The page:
X-linked severe combined immunodeficiency (SCID-X1) caused by mutations in interleukin 2 receptor gamma (IL2RG) gene threatens the survival of affected boys during the first year of life unless hematopoietic stem cell transplantation is provided. Although viral vector-mediated gene therapy has been successfully performed in patients with no HLA-matched donors, leukemia caused by vector-mediated insertional mutagenesis has been reported in some individuals. Transcription activator-like effector nuclease (TALEN) is an artificial sequence-specific endonuclease that is expected to revolutionize the precise correction of disease-causing mutations and eliminate the risk of insertional mutagenesis. Here, we report TALEN-mediated genome editing of the IL2RG locus. We transfected TALENs along with a targeting vector into Jurkat cells, and we confirmed the precise introduction of the exogenous gene into the IL2RG locus. In addition, we found that the length of homology arm in the targeting vector influenced the efficiency of TALEN-mediated homologous recombination.
X-linked severe combined immunodeficiency (SCID-X1) is the most common form of combined immunodeficiency; it is caused by mutations in the X chromosome-linked interleukin 2 receptor gamma gene (IL2RG)1. IL2RG, also known as CD132, is a common cytokine receptor subunit for IL-2, IL-4, IL-7, IL-9, IL-15, and IL-21. Lack of IL2RG function results in loss of multiple cytokine activities, leading to absence of T and natural killer (NK) lymphocytes and nonfunctional B lymphocytes. Most SCID-X1 patients die during infancy unless reconstitution of the immune system is achieved through hematopoietic stem cell (HSC) transplantation or gene therapy2.
Bone marrow transplantation (BMT) is a curative treatment for SCID-X1. In spite of improvements in transplantation protocols and the introduction of other sources of stem cells such as umbilical cord blood, BMT is associated with serious risks as a result of chemotherapy conditioning regimens, graft-versus-host disease (GVHD), and related infections. Furthermore, only a small percentage of SCID-X1 patients receive BMT owing to a shortage of human leukocyte antigen (HLA)-matched donors.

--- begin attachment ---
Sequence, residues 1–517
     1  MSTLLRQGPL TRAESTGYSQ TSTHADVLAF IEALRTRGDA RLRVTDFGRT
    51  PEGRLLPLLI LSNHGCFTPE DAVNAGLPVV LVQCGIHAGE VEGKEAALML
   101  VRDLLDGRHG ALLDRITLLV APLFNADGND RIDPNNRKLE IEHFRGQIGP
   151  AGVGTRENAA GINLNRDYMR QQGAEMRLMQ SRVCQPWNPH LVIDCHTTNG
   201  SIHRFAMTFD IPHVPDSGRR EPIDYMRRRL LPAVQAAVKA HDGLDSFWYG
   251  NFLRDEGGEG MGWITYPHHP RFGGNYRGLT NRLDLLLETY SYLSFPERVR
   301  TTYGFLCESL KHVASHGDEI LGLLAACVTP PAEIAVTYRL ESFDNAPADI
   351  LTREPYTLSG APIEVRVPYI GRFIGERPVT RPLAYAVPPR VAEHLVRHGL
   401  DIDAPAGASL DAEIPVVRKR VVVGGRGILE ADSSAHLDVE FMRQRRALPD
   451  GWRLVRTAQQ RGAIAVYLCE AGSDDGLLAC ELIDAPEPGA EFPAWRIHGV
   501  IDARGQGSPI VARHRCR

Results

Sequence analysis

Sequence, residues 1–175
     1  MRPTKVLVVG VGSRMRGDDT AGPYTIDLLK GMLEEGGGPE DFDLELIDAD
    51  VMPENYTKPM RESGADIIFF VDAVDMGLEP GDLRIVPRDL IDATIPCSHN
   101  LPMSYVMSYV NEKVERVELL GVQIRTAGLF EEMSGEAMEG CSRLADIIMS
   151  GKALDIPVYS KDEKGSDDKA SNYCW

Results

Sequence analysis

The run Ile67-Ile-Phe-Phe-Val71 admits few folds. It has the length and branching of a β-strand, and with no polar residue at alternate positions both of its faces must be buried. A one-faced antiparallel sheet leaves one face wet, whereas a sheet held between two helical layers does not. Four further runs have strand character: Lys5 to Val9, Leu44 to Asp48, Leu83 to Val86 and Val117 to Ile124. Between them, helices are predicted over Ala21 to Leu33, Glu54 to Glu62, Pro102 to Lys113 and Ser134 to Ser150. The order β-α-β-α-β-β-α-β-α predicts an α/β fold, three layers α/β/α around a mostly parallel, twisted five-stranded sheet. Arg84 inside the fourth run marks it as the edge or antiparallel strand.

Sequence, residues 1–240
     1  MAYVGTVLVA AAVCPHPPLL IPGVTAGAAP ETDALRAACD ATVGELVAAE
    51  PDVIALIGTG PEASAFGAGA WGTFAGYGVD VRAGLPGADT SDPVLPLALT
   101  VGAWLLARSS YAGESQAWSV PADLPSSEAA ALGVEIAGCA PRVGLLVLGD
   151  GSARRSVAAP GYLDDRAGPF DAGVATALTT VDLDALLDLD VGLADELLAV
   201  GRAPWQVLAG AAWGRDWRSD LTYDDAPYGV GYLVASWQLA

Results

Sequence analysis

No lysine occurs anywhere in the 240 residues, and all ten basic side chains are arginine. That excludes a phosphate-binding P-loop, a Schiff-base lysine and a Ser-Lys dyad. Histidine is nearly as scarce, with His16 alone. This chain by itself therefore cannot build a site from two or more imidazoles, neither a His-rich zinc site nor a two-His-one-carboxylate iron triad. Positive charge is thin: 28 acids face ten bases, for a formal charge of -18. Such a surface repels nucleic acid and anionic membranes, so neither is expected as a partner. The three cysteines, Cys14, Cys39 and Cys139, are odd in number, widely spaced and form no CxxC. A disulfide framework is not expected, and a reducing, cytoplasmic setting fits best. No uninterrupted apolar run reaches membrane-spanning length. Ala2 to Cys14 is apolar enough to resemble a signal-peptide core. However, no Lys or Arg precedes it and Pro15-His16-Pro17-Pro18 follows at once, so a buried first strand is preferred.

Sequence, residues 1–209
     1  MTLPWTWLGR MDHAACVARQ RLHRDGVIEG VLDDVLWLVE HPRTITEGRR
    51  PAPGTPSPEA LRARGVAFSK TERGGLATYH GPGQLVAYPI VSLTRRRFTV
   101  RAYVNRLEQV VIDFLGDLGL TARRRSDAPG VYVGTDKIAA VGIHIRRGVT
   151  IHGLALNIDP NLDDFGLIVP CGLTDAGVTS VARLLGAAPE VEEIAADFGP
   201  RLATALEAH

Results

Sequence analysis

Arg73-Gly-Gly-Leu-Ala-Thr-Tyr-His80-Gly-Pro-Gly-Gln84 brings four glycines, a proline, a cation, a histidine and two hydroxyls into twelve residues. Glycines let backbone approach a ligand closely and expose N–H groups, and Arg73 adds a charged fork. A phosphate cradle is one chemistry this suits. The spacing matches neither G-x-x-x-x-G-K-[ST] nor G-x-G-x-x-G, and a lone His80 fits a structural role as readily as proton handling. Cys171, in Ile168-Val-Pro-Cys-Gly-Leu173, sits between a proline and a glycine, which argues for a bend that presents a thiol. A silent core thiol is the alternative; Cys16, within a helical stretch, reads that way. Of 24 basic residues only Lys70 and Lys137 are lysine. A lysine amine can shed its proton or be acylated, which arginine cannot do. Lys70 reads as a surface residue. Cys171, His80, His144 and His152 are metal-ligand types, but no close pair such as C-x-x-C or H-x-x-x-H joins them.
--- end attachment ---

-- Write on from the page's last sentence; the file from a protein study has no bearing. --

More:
Gene therapy using viral vectors to transduce therapeutic IL2RG into autologous CD34+ bone marrow cells has been successful for immune reconstitution for some individuals, resulting in long-term correction of the SCID-X1 phenotype3,4,5. However, some patients developed T-cell acute lymphoblastic leukemia within 2.5–5 years after gene therapy, one of whom died6,7,8,9. Patients' blast cells showed retrovirus vector integration in close proximity to the proto-oncogenes LMO2, CCND2, and BMI1, thus leading to aberrant transcription and expression of these genes10,11,12. Therefore, gene targeting is needed to eliminate the risks posed by random integration of viral vectors.
Gene targeting based on homologous recombination has been widely used in genetic research; however, its efficiency remains very low. Similarly, therapeutic genes do not undergo homologous recombination at the mutated locus13. Homologous recombination is primarily involved in the repair chromosomal double-strand breaks (DSBs), a process known as homology directed repair (HDR)14. In the absence of homologous donor DNAs, DSBs are repaired by non-homologous end-joining (NHEJ), which frequently results in small insertions and/or deletions (indels). Induction of artificial DSB would significantly improve the efficiency of homologous recombination.
Recently, genome editing technologies such as zinc-finger nuclease (ZFN) and transcription activator-like effector nuclease (TALEN) have enabled the introduction of site-specific DSBs into DNA. ZFNs consist of a DNA-binding domain and a FokI endonuclease domain. Each DNA-binding domain recognizes 3–4 DNA bp (nucleotide triplets). Pairs of ZFNs are required to induce DSB in a target locus because the FokI cleavage domain is only enzymatically active as a dimer15. ZFN-induced DSBs were initially shown to enhance gene targeting frequencies in Drosophila16. This was soon followed by endogenous gene correction of IL2RG by ZFN in SCID-X1 cells17. However, ZFN have not become widely used, as some nucleotide triplets lack specific DNA recognition domains, and engineering of ZFN is time consuming, laborious, and intricate18.